TO EUGENE CASSERLY
I can hardly treat seriously of property in San Francisco, but do get rid of that lot, and though Gold is something hard to get in this country I will buy and get enough to pay the balance due on that lot. I know that Captain Welch meant to do Lizzie a kindness in giving that lot. Still I never intended to commit the folly of paying taxes, but Ellen tells me Mr. Moss has done so, and he must be reimbursed. Let it be sold if you can make title. Pay over the proceeds to Mr. Moss and the balance to repay Mr. Moss in full. I will deposit for him with Schuchardt & Gebhard New York. I can handle an hundred thousand men in battle, and take the “City of the Sun”, but am afraid to manage a lot in the Swamp of San Francisco, with your taxes and street assessments, and Greenbacks at 256. In taking Atlanta we brought Gold down to 220, so now is the time for me to reimburse Mr. Moss for his advances on account of that unfortunate piece of property.
I have made a short truce with General Hood at a place called Rough & Ready 12 miles out, where I deliver the People of Atlanta and he transports them beyond the break I made in his Road, which made him quit Atlanta in a hurry. I got a letter from Calhoun Penham who is an officer on some Rebel General’s staff. He is a pretty “chivalry”. These fellows have a way of leaving us to take care of their families, but when I took Atlanta I ordered them all to quit and a big howl is raised against my Barbarity: Butler is the Beast; Sherman the Brute; & Grant the Butcher. This is somewhat on the order of the school bully who if he can’t whip you, can call you hard names or make mouths as you listen.
I think I will make a Record of this campaign that will compare well with that of the European Models. I made two moves that I would like to demonstrate to you at home with the maps but which I cannot now essay: the passage of the Chattahoochee, and the raising the siege & striking Hoods communications before he suspected my movement.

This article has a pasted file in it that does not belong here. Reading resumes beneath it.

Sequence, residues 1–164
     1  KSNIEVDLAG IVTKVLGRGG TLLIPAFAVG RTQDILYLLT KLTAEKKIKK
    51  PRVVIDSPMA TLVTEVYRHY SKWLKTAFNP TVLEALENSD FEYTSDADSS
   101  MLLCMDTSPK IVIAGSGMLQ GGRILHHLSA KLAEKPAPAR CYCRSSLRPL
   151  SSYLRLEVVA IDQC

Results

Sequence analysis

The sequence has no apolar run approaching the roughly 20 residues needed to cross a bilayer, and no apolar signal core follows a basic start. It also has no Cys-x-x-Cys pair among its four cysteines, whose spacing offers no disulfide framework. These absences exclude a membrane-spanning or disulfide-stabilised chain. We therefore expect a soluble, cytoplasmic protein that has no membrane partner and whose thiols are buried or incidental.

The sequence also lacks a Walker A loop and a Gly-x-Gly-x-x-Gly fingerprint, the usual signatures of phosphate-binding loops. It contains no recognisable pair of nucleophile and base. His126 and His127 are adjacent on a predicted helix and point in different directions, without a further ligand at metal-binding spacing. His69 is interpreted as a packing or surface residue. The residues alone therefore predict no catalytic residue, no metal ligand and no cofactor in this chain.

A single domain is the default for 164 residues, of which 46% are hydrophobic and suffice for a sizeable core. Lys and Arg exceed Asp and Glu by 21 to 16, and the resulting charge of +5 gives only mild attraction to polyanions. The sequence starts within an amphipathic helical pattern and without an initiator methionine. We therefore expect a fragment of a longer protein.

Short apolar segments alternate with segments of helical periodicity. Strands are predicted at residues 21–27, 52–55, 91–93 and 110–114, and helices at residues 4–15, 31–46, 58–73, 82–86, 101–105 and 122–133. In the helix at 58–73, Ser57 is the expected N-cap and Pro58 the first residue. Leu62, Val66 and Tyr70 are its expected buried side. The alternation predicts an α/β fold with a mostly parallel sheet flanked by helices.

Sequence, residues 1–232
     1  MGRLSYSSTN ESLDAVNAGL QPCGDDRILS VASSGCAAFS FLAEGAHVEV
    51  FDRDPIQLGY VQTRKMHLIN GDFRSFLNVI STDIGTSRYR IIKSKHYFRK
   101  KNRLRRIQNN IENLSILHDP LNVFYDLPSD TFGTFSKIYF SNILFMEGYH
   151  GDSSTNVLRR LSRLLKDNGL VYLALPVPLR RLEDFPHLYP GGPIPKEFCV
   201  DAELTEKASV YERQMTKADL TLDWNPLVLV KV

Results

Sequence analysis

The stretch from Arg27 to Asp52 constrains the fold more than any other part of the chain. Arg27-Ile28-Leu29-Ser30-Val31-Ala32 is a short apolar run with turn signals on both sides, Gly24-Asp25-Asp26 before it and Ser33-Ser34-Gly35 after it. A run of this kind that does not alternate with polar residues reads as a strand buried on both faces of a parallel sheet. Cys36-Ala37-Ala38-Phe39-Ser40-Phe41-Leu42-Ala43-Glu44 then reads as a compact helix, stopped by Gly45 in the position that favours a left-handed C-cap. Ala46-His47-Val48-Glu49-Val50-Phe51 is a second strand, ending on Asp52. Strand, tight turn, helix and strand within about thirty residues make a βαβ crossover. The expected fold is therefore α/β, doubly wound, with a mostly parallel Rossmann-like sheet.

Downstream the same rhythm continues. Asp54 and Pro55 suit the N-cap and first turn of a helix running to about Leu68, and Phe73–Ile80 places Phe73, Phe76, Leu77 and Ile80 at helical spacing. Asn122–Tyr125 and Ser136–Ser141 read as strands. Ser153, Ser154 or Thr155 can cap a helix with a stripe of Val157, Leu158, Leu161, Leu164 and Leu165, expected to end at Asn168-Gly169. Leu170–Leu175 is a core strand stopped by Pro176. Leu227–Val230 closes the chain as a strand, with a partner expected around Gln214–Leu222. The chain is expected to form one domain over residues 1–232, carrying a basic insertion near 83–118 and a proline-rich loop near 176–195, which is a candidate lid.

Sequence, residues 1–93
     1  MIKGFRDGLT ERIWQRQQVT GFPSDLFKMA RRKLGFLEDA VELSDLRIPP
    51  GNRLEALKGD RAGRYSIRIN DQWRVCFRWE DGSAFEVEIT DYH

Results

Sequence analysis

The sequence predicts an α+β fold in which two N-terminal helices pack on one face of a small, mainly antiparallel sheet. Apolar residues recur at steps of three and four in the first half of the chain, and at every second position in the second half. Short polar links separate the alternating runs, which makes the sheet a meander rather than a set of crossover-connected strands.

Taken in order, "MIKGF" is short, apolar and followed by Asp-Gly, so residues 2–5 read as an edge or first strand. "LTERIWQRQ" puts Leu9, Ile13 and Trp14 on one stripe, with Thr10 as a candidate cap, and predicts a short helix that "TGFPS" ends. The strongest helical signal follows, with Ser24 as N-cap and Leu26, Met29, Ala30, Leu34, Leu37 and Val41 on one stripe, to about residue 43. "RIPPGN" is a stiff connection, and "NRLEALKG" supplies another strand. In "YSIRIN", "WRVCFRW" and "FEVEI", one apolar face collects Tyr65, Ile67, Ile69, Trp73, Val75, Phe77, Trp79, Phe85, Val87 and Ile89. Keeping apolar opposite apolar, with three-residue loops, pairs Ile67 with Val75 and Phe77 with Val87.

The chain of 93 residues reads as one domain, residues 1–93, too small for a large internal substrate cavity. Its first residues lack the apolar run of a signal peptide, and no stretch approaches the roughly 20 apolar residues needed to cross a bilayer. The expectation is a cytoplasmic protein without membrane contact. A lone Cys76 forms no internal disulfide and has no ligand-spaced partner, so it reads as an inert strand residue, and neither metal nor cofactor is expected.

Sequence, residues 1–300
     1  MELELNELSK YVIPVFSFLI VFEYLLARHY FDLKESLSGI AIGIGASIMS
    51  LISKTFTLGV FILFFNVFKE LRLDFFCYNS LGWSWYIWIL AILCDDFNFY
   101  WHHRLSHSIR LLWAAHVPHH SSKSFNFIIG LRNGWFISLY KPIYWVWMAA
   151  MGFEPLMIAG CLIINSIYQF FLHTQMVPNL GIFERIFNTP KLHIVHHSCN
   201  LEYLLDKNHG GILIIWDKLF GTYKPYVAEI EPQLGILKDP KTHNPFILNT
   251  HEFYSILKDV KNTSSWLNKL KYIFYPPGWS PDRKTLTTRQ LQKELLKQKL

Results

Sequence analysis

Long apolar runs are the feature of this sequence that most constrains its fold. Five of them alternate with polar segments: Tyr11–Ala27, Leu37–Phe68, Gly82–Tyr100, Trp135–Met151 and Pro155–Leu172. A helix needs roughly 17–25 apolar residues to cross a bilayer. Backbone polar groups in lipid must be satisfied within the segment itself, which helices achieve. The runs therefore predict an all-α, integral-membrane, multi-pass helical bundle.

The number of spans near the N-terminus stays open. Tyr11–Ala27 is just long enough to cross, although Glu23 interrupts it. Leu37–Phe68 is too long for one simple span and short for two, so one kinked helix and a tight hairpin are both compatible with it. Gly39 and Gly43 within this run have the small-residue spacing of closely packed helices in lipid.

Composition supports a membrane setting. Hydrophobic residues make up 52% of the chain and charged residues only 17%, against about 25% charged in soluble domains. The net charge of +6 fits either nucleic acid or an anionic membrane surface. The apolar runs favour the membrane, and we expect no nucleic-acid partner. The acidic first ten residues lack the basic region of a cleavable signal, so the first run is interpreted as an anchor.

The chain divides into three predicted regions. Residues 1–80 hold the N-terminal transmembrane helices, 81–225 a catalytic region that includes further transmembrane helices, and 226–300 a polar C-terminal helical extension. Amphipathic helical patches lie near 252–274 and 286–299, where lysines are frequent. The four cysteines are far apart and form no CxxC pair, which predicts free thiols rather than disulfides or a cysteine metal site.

Give my love to Mrs. C. to Dr. Bowie, Mr. Moss and others of my acquaintance if they still remember me.
W. T. Sherman
TO EDWARD EVERETT
Headquarters, Military Division of the Mississippi, Atlanta Georgia, Sept. 17,1864
Hon. Edward Everett, Boston Mass.
The Honorable Secretary of War has been kind enough to enclose me a Copy of the Boston Advertiser which contains your letter addressed to a Public meeting called to celebrate the recent successes to our arms, in which you associate my name honorably with those of Admiral Farragut, and Lt. General Grant. So high a Compliment, coming from one who looks deep into the Causes of Events, and who foreshadows the judgment of History to which all men must submit, is one which even I must appreciate. I thank you for such a mark of your esteem, and can only promise to use the physical Force entrusted to my care to the end that our Nation’s honor and Power may stand vindicated, and may serve as the buckler and shield of safety to the thousands of millions of human beings that must succeed us in the Favored Region of Earth, committed to our Custody.
In your letter, I was more than pleased to see revived Mr. Webster’s Magnificent Simile, comparing our political system with that of the Grand Universe, when each little Planet or asteroid if Kept to its place remains in perfect harmony, having an influence upon the whole proportionate to its mass but no more: but if rudely withdrawn the Equilibrium is destroyed, and wreck & chaos sure to follow. How true was his prediction and plain and palpable the only remedy.
Mr. Stephens, to whom you also refer with the predictions made by him of the consequences of Secession, is now living “perdu” in this state, witnessing all the Sad Calamities which he foresaw, but Could not prevent. I am told by Citizens that he is universally regarded as an Union Man, and has not been permitted to Exercise any influence or power in a Government, in which he is nominally second in Station. All these things are elements in the Great Problem, that will be worked out in Time, and it were Sacrilegious in us to pronounce the sacrifices made as useless. Good will come out of their incongruities and complications and our Government will be strengthened that it may fulfill its destiny in a more eminent degree.
I feel the more confidence since men like you heed the passing storm and guide it to its logical end, whilst we mere artizans mould the unsteady Elements of a democratic mass, into a well ordered army, and impress on it a love of country, a Reverence for its Laws & Civil Authorities, and a Courage that will sustain it in these wild struggles of Maddened Strife.
Permit me to subscribe myself as your Friend and humble servant,
W. T. Sherman, Major General